The demand for food and water is projected to reach crisis levels for some regions over the next few decades, with one country in five experiencing catastrophic food insecurity and over a third of countries set to experience catastrophic water stress – all that means is that they won’t have enough water to meet their needs.
It doesn’t have to be like this. There are things that we can do to build countries’ resilience to climate change and environmental disaster, and to address tensions when they arise to stop them turning into conflicts.
Firstly, we know that early action saves lives and money. We can already predict many climaterelated events and where and who they will hit hardest. By forecasting risk, we can use this evidence to trigger pre-positioned financing ahead of an impending climate hazard, to fund, as the Minister said, anticipatory action.
And that is one of the best things to do to protect hard-won development gains and support resilience.
And humanitarian agencies are already pursuing important examples to track that kind of programming and indeed it is a priority for me and the major fund line manage the Central Emergency Response Fund to allocate out money especially for the anticipatory action for this kind of problems.
Scaling up adaptation finance also for those countries most vulnerable to climate change can increase their ability to withstand climatic shocks.
Secondly, respect for international humanitarian law is vital to protect the lives of civilians in conflict, to protect aid workers, to help preserve essential services and also to avert food insecurity. Hence, by doing all these kinds of things, it could also contribute to the reduction in the pressure on the natural environment.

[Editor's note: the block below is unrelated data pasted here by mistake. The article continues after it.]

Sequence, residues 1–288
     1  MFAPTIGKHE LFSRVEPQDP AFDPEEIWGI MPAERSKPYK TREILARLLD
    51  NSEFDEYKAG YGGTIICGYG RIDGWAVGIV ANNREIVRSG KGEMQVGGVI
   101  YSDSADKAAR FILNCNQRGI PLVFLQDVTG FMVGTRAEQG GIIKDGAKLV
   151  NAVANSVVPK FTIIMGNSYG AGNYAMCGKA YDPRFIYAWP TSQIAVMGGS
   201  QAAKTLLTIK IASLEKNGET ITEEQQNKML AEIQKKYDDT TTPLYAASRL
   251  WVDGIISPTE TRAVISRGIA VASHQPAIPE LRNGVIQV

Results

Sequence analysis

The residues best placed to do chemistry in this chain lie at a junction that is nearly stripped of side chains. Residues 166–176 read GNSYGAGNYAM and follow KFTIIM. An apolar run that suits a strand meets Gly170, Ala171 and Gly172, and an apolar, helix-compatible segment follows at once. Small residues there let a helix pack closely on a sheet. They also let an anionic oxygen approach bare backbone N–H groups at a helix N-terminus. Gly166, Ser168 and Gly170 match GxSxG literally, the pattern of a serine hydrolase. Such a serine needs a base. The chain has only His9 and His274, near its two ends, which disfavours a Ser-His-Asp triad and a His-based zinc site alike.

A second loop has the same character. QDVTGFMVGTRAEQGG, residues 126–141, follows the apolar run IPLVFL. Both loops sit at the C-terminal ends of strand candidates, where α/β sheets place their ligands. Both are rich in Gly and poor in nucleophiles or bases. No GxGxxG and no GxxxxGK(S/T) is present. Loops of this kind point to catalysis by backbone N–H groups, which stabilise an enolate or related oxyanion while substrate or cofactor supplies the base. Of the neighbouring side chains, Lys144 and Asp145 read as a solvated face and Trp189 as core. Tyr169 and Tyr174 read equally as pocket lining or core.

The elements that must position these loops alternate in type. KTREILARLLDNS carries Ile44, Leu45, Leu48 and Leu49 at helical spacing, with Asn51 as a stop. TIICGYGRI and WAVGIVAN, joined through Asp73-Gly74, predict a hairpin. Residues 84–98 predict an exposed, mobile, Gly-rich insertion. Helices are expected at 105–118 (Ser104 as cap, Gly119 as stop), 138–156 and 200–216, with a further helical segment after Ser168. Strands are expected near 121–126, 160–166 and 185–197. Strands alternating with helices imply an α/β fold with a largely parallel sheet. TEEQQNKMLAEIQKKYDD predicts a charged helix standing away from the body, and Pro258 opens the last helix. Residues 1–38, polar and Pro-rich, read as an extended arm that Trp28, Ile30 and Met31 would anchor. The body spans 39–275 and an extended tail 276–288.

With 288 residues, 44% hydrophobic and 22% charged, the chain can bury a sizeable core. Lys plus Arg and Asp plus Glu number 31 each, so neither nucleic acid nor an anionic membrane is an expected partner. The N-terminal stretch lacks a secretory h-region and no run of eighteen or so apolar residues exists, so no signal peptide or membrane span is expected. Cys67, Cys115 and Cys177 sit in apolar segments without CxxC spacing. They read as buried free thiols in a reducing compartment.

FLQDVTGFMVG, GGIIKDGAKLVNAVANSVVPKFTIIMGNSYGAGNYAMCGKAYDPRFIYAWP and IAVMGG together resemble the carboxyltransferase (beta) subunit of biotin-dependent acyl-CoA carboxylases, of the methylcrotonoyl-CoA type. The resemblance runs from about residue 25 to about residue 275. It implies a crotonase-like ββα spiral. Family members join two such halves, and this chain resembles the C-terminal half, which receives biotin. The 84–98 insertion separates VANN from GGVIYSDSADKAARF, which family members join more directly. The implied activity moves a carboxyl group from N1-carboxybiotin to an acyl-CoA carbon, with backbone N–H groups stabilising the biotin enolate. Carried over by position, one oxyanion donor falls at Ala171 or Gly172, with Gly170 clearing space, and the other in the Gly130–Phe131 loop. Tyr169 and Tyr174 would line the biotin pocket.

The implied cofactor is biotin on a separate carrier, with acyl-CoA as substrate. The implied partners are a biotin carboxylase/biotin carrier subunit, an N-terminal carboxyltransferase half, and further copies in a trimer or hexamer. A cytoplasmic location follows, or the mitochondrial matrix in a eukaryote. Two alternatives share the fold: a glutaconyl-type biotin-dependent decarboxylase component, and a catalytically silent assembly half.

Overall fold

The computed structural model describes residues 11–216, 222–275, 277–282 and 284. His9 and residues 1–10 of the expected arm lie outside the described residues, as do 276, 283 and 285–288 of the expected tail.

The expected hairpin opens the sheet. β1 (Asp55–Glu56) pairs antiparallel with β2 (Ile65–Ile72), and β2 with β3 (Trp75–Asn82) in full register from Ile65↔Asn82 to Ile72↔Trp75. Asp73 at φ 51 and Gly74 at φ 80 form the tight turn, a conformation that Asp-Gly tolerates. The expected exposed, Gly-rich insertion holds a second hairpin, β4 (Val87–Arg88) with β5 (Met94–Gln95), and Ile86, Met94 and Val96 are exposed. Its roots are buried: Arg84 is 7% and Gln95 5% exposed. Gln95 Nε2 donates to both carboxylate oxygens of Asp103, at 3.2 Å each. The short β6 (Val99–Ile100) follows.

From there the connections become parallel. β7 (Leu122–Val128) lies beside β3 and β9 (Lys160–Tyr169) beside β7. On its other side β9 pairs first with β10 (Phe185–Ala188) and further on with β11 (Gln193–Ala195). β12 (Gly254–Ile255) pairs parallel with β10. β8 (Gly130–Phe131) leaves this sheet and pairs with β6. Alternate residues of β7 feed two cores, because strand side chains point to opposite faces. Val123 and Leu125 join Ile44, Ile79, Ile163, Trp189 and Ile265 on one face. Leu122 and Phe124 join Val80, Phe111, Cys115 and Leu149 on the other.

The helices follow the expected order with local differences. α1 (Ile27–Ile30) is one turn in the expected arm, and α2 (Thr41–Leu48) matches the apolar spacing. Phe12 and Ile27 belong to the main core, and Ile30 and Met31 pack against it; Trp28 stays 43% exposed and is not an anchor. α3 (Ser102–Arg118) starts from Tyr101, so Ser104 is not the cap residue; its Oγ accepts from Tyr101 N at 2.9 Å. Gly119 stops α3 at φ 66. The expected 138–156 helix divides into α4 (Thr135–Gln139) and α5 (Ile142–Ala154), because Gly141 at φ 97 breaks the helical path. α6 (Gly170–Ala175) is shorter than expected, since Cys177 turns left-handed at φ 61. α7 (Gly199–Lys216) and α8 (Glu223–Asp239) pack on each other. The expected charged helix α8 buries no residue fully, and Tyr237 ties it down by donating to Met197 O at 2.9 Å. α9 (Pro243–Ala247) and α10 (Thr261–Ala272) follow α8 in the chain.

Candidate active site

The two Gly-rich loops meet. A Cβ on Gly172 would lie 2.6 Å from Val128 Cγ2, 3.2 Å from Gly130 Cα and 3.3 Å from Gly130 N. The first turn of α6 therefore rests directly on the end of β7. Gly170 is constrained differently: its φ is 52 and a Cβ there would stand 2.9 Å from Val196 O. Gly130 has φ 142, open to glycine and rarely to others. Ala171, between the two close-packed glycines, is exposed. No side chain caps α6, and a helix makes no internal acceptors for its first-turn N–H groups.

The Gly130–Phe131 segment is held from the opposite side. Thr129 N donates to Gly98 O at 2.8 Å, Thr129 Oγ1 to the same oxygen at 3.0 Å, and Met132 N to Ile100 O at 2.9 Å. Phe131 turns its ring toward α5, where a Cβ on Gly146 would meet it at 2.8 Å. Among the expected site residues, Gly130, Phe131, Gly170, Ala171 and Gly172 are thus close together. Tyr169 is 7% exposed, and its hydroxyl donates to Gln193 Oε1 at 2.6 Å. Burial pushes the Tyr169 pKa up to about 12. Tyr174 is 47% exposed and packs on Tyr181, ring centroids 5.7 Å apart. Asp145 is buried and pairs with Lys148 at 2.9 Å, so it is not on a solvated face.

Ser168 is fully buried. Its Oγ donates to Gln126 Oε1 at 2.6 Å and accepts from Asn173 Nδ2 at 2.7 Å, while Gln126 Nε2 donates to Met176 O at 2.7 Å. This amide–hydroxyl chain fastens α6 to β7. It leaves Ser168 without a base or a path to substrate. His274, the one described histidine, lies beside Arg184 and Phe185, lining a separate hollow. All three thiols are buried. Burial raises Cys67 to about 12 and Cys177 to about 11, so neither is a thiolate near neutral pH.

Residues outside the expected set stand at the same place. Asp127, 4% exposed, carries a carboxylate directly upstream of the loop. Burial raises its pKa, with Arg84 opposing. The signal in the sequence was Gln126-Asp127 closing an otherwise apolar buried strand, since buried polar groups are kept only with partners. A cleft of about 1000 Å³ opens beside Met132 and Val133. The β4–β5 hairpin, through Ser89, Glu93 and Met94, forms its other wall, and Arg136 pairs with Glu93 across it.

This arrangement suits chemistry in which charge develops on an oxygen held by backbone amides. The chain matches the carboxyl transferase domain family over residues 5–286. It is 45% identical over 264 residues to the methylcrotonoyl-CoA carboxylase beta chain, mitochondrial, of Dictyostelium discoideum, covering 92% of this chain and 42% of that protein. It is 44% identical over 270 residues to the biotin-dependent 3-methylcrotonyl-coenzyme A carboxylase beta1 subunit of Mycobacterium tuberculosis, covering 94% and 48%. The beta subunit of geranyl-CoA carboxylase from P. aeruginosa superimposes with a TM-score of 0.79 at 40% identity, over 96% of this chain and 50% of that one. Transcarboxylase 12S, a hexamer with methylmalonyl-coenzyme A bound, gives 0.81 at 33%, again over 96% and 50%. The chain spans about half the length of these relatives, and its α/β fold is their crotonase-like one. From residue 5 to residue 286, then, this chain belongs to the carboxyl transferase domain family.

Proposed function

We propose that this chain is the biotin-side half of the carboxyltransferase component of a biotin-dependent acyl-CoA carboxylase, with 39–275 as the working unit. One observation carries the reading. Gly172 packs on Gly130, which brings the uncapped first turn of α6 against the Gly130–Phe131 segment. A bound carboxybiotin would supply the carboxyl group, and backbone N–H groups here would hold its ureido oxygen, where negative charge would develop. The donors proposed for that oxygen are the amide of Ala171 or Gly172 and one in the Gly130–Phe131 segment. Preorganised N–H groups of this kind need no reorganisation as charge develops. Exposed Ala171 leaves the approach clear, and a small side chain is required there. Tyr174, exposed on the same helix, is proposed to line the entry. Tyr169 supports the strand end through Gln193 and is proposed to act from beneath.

Thirdly, I think donors and international financial institutions can help build the resilience of atrisk countries by investing in risk reduction and risk management, including by supporting social safety net systems. This requires that all donors step up to meet the climate finance needs of the most vulnerable countries, so they are able to prepare for rising competition over food, water, and other resources.
And fourthly, I think we need to really seize the opportunity of the COVID-19 crisis to heed the call the Secretary-General has been making to build back better by investing in a green economic recovery. As the key to tackle growing unemployment, inequality and environmental degradation.
It is only when world leaders start to take serious action on climate change, that humanitarian organizations will be able to see a future beyond nearly dealing with the symptoms. At the moment, all our focus is on trying to contain violence, hunger, displacement, disease, and suffering. We need to have a mind set with a much stronger focus on solving the underlying problems.
- UN Office for the Coordination of Humanitarian Affairs